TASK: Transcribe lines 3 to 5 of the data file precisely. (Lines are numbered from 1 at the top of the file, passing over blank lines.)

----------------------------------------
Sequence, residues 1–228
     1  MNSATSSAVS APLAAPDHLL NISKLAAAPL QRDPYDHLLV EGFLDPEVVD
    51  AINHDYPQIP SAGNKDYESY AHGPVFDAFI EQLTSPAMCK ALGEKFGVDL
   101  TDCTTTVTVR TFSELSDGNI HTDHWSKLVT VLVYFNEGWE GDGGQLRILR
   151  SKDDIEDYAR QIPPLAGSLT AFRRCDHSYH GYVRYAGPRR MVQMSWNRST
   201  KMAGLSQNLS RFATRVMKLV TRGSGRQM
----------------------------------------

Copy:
    51  AINHDYPQIP SAGNKDYESY AHGPVFDAFI EQLTSPAMCK ALGEKFGVDL
   101  TDCTTTVTVR TFSELSDGNI HTDHWSKLVT VLVYFNEGWE GDGGQLRILR
   151  SKDDIEDYAR QIPPLAGSLT AFRRCDHSYH GYVRYAGPRR MVQMSWNRST